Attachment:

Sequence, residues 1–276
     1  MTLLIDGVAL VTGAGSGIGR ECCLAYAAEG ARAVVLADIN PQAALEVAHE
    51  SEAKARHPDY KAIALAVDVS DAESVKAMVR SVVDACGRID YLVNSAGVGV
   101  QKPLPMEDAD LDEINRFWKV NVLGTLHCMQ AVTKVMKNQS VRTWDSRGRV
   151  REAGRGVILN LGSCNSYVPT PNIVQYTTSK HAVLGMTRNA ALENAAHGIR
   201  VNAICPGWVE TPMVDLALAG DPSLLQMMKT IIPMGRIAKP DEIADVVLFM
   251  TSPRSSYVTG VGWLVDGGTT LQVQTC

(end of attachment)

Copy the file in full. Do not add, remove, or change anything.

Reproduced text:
Sequence, residues 1–276
     1  MTLLIDGVAL VTGAGSGIGR ECCLAYAAEG ARAVVLADIN PQAALEVAHE
    51  SEAKARHPDY KAIALAVDVS DAESVKAMVR SVVDACGRID YLVNSAGVGV
   101  QKPLPMEDAD LDEINRFWKV NVLGTLHCMQ AVTKVMKNQS VRTWDSRGRV
   151  REAGRGVILN LGSCNSYVPT PNIVQYTTSK HAVLGMTRNA ALENAAHGIR
   201  VNAICPGWVE TPMVDLALAG DPSLLQMMKT IIPMGRIAKP DEIADVVLFM
   251  TSPRSSYVTG VGWLVDGGTT LQVQTC